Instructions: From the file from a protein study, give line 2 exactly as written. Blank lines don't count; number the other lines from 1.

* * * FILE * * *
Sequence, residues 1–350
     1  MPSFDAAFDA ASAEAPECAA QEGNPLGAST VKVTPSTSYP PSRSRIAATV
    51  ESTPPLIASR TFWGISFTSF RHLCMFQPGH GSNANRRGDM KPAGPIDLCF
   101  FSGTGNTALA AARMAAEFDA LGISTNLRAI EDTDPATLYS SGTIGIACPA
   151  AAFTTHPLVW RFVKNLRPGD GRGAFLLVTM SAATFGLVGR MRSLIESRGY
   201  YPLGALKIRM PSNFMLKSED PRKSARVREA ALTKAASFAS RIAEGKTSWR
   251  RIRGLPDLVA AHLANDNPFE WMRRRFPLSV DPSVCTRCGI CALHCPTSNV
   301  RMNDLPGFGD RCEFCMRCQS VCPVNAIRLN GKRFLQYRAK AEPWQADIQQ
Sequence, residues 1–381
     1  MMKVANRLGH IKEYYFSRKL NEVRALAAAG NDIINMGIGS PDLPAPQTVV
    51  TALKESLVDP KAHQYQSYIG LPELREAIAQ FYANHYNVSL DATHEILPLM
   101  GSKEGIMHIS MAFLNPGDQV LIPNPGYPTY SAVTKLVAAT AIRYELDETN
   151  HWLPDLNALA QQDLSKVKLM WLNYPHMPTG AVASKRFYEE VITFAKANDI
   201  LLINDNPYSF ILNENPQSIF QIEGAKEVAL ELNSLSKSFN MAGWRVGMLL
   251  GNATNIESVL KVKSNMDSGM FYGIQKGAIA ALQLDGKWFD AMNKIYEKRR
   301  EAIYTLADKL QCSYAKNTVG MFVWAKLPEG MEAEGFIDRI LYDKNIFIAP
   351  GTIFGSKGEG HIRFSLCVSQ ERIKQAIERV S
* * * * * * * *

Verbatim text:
     1  MPSFDAAFDA ASAEAPECAA QEGNPLGAST VKVTPSTSYP PSRSRIAATV